Take a deeper look into all the publications produced by researchers at The Dartmouth Institute.

Murray CJ, Olson AL, Palmer EL, Yang Q, Amos CI, Johnson DJ, Karagas MR

2020 Dec;20:101209doi: 10.1016/j.pmedr.2020.101209

Over 43 million U.S. residents rely on private unregulated wells for their drinking water, raising public health concerns, particularly in regions like northern New England where widespread groundwater arsenic contamination is now recognized. Children are particularly vulnerable to adverse health effects from arsenic exposure. Despite AAP Guidelines, approaches to engage pediatric clinicians in promoting private well testing have not been previously described. We sought to determine the most effective practice approaches to achieve successful well water testing in routine pediatric care. 12 primary care clinics were block randomized to one of four study arms. Two intervention variables were assessed: (1) test results access (parent only vs. parent and clinic) and (2) follow up approaches (yes/no). Parents of children under 12 months using a private well were eligible. Prepaid water tests were provided. Primary outcome was parental water test completion. Eleven clinics successfully implemented processes identifying well users. 240 testing kits were dispensed. Completion rates averaged 29% (range 10 to 61%). The study arm with both clinic results access and staff follow up system was 2.3 times more likely to achieve test completion than other arms (95% CI 1.12-4.86, p = .03). Kit distribution by clinicians versus nursing staff, irrespective of study arm, had 2.4 times greater completion (95% CI 1.13-5.11, p = .02). Systematic drinking water source screening can be improved in pediatric care. Higher testing completion was found in practices randomized to reminders and structured follow up versus single visit discussion, but clinician involvement was the most predictive factor.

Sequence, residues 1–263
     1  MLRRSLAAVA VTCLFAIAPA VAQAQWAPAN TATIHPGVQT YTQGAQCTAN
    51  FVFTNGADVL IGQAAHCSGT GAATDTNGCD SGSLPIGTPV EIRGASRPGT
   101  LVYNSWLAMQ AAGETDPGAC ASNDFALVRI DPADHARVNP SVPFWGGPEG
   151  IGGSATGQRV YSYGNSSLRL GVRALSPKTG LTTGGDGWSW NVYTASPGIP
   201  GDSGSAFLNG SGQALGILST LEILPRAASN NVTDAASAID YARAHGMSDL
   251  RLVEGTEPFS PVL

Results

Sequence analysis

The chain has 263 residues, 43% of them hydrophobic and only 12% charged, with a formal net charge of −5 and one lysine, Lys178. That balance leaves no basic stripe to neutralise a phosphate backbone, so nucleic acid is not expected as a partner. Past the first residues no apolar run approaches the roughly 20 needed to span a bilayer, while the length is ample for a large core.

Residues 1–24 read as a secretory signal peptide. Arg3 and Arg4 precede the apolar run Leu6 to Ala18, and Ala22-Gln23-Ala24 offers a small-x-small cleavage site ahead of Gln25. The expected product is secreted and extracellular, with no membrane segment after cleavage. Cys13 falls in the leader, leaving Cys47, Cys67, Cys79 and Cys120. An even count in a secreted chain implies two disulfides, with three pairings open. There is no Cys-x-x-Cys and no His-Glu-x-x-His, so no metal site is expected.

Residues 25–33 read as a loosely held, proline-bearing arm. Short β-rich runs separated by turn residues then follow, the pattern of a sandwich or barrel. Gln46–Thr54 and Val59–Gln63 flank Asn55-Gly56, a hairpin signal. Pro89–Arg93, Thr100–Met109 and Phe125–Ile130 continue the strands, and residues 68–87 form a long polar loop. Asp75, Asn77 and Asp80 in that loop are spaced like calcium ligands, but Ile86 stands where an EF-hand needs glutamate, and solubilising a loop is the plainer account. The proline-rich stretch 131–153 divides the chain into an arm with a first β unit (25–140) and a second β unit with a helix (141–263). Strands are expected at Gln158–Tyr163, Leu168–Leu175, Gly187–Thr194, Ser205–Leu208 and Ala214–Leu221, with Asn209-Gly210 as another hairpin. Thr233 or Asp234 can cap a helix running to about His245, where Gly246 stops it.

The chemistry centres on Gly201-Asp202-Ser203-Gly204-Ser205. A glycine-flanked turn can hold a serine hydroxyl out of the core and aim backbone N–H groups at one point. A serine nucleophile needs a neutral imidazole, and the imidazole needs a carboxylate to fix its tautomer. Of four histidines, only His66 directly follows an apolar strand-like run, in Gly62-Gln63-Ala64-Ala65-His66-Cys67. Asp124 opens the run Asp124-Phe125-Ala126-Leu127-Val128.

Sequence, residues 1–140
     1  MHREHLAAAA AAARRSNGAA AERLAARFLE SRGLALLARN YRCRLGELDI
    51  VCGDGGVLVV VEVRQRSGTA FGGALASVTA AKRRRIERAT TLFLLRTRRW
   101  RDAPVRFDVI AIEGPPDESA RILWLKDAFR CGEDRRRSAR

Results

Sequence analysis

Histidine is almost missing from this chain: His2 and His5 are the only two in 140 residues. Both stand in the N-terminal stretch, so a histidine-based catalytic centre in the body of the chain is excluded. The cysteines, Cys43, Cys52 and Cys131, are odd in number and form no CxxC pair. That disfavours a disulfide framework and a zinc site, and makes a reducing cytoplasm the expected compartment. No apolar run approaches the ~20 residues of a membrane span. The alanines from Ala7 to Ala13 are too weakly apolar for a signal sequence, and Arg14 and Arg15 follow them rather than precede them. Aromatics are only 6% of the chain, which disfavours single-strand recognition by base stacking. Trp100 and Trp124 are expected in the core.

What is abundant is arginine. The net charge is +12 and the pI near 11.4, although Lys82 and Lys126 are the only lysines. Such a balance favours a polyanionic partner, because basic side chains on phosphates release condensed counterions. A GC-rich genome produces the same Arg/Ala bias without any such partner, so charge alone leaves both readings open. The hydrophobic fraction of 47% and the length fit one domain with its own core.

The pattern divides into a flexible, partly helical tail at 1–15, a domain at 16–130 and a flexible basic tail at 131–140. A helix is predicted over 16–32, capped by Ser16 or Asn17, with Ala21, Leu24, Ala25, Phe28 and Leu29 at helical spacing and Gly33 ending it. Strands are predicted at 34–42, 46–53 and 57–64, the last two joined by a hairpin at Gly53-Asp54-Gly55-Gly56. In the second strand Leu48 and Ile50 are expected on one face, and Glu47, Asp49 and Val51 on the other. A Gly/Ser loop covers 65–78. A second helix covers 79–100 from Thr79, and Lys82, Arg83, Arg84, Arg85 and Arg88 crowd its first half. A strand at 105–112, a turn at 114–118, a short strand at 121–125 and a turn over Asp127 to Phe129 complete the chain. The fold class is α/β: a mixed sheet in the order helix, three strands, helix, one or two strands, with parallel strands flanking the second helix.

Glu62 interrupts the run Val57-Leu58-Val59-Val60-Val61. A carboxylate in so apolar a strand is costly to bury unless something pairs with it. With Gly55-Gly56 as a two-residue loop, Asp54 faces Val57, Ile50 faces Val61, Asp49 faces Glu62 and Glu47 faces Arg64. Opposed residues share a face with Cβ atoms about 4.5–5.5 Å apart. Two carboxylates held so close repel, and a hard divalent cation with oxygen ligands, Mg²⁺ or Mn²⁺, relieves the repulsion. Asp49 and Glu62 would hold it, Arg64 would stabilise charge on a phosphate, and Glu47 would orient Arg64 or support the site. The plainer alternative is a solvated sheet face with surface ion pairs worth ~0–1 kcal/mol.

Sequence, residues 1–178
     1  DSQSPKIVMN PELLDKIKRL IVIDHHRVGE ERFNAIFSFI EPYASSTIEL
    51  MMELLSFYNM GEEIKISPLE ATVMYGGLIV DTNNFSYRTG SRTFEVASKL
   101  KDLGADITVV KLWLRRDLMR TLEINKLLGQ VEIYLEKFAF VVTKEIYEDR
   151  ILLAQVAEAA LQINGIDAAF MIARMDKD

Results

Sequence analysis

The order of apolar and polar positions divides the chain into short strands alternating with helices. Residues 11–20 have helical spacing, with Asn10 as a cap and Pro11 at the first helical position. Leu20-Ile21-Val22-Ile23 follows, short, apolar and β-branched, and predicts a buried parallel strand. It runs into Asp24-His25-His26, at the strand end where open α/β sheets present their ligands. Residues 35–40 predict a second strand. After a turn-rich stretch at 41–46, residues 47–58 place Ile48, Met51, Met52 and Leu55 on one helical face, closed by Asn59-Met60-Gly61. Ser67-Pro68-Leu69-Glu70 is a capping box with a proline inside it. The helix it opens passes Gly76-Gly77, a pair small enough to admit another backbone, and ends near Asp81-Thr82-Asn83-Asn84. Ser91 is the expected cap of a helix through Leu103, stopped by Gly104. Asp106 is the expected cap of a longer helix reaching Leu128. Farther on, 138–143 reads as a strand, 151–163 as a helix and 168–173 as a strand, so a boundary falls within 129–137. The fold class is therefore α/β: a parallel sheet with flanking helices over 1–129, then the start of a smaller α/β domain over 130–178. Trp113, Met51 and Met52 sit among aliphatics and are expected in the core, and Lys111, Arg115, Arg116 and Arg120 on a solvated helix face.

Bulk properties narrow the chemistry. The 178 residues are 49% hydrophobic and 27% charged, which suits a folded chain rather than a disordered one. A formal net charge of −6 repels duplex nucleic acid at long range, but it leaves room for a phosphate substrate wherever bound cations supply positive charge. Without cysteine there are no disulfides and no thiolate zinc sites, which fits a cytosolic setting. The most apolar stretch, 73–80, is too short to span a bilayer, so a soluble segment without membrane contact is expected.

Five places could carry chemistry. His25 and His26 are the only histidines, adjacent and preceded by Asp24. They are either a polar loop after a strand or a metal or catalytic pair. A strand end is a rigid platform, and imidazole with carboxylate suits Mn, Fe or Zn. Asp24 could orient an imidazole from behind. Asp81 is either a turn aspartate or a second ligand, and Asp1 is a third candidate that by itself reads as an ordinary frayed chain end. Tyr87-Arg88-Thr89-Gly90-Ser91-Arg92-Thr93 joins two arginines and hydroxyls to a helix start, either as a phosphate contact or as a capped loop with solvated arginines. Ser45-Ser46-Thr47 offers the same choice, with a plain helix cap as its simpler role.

Prev Med Rep|2020 Dec

Holmgren E, Schartz D, Ramesh NP, Sylvester K, Eskey C

2020 Oct 14;pii: S0278-2391(20)31199-X. doi: 10.1016/j.joms.2020.09.031

Penetrating facial trauma is an uncommon injury, but patients who present with these dramatic situations require special consideration. We describe the case of a young man who had been shot with an arrow that deeply penetrated his midface as well as report the results of a literature review of penetrating midface injuries. The information gathered was used to create a diagnostic protocol for patients who sustain such injuries.

J Oral Maxillofac Surg|2020 Oct 14

Kerr S, Hudenko WJ, Godfrey DA, Lundgren SN, O'Malley AJ, Sharp C

2020 Oct 16;doi: 10.1111/famp.12608

Despite the importance of emotional closeness (EC) in families, few researchers have accurately measured the construct in a systemic way. Additionally, existing measures rely on ratings from one informant, typically the mother, to provide information on closeness within the entire family system. We examined EC in 140 individuals (37 families) using the Emotional Tone Index for Families (ETIF), a novel, multi-informant measure that obtains bidirectional information about EC within every family relationship. The parent identified as most familiar with the family also completed two widely used single-informant measures: The McMaster Family Assessment Device and the Family Adaptability and Cohesion Evaluation Scales, version IV. The ETIF exhibited good test-retest reliability, high internal consistency, and concurrent validity with the single-informant measures. Though the primary respondent scores correlated highly with overall family closeness, results revealed only a modest association between closeness ratings within each dyad and parents rated higher levels of closeness toward their children than children rated closeness toward parents. These findings suggest that ratings from multiple informants provide valuable information about discrepancies in perceived closeness between family members and other complex family dynamics that cannot be captured by single-informant measures. Limitations, future directions, and implications for practice are discussed.

Fam Process|2020 Oct 16

Shiner B, Leonard CE, Gui J, Cornelius SL, Schnurr PP, Hoyt JE, Young-Xu Y, Watts BV

2020 Oct 13;81(6)pii: 20m13244. doi: 10.4088/JCP.20m13244

Fluoxetine, paroxetine, sertraline, topiramate, and venlafaxine have previously shown efficacy for posttraumatic stress disorder (PTSD). One prior study using US Department of Veterans Affairs (VA) medical records data to compare these agents found no differences in symptom reduction in clinical practice. The current study addresses several weaknesses in that study, including limited standardization of treatment duration, inability to account for prior treatment receipt, use of an outdated symptomatic assessment for PTSD, and lack of functional outcome.